THE PRESIDENT: I just want to thank everybody. These are outstanding individuals and we are so proud to have them represent us for so many years. And it’s a great honor to have everybody with us.

And on behalf of the First Lady Melania, myself, thank you all for being here. This has been extraordinary. Thank you very much. Thank you. (Applause.)

END

2:09 P.M. EST

source

Live stream video is above. Live coverage begins at 1 p.m. ET local time (UTC/GMT – 5). Use World Clock to find the equivalent in your own time zone on Friday, November 16 or Saturday, November 17, accordingly.

President Donald Trump’s public schedule for Friday, November 16, 2018 is below (ET; GMT/UTC – 5).

11:30 a.m. — Participates in the Cybersecurity and Infrastructure Security Agency Act signing ceremony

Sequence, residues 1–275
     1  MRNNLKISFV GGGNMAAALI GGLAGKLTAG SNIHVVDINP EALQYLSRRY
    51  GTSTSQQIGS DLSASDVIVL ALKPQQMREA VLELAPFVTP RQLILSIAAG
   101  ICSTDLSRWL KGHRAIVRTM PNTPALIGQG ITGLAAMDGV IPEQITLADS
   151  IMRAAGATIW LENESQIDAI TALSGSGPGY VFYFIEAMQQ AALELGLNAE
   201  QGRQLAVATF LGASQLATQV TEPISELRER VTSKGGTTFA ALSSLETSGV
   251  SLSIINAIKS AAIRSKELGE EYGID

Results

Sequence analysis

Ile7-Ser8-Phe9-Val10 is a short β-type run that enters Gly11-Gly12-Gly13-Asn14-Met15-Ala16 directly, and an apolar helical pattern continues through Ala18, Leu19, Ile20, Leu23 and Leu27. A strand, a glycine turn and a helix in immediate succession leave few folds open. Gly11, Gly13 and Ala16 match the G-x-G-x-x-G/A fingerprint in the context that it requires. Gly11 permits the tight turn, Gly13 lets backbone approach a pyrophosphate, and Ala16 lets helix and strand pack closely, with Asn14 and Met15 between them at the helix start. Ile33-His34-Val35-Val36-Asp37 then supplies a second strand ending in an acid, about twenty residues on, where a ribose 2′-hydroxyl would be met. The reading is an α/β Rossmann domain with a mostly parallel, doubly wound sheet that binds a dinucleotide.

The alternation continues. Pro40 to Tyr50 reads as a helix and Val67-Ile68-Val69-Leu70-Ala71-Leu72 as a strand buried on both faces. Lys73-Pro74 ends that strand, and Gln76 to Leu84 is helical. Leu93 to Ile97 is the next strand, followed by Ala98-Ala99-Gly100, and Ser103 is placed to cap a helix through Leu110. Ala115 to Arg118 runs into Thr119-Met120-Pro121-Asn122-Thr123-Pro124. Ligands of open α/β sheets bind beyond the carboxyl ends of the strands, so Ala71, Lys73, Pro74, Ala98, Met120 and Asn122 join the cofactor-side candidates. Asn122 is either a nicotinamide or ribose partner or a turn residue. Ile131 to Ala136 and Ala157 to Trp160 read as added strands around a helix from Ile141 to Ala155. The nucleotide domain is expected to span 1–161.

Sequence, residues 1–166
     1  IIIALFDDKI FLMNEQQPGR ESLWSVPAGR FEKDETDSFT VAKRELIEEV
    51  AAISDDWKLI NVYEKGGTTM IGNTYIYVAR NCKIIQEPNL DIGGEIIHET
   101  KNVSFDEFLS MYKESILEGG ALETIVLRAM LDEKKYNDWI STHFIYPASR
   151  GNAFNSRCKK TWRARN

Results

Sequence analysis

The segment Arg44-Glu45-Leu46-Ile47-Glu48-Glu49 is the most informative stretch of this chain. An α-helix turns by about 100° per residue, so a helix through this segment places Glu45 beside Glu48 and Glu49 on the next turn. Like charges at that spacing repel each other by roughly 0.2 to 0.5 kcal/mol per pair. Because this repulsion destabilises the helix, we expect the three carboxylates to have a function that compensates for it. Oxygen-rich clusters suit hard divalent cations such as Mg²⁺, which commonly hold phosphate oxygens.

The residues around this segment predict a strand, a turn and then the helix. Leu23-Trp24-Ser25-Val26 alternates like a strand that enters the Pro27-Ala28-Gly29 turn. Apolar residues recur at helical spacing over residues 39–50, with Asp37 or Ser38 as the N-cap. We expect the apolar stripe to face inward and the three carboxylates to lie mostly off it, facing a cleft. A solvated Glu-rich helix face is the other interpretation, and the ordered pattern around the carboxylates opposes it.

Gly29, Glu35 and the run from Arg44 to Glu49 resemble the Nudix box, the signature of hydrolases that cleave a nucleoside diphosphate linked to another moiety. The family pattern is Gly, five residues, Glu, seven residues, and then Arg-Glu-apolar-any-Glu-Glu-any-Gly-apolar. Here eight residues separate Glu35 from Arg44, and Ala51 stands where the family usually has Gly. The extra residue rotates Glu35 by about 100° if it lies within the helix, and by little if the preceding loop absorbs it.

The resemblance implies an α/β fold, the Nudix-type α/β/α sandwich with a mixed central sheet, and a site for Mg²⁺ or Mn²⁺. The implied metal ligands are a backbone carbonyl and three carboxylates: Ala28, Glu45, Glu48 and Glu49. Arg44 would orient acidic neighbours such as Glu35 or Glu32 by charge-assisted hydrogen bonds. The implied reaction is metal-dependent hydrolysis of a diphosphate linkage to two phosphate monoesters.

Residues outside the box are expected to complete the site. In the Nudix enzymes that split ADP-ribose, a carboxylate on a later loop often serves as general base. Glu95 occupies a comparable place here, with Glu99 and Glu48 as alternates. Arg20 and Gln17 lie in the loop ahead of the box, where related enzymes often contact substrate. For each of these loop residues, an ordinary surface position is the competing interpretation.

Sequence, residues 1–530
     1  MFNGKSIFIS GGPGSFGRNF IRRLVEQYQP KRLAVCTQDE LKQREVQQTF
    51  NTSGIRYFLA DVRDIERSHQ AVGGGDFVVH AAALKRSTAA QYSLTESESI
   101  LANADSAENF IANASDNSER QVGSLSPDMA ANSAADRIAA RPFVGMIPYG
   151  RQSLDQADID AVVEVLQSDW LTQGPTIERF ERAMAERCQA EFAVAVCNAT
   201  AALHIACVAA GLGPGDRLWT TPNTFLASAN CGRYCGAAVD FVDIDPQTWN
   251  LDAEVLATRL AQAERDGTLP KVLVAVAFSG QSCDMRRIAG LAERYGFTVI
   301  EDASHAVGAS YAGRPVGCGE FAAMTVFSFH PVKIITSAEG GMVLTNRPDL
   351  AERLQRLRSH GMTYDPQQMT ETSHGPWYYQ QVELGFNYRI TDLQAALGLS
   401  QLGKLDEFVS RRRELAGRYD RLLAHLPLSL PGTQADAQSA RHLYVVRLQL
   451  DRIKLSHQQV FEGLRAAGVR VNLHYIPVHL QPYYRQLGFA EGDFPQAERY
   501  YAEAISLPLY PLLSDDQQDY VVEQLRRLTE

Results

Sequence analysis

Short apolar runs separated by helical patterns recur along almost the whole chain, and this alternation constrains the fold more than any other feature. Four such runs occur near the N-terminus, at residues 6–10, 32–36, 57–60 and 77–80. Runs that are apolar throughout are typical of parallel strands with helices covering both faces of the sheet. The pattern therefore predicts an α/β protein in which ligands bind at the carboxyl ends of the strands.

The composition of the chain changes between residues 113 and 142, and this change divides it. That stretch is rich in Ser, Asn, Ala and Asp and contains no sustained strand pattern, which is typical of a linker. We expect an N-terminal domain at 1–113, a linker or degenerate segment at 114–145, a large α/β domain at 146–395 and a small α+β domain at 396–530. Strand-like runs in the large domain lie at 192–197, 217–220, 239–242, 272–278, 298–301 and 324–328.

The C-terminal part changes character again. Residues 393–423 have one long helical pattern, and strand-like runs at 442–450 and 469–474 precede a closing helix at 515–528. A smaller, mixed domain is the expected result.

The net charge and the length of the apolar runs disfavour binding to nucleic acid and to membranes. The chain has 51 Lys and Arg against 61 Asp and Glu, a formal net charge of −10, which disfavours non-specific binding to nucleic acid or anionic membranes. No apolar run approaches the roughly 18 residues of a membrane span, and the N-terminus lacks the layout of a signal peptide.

1:00 p.m. — Presents the Presidential Medal of Freedom; East Room
3:15 p.m. — Meets with the Administrator of the Small Business Administration

Scroll down for live stream and replays of previous speeches and other public events. Click here for the full index of posts on President Donald Trump.

Photo credit: screenshot via White House YouTube

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[Full Video & Transcript] President Donald Trump Awards Medal of Freedom to Elvis Presley, Babe Ruth, Sen. Orrin Hatch, Justice Antonin Scalia and Others at White House Ceremony, Friday, November 16, 2018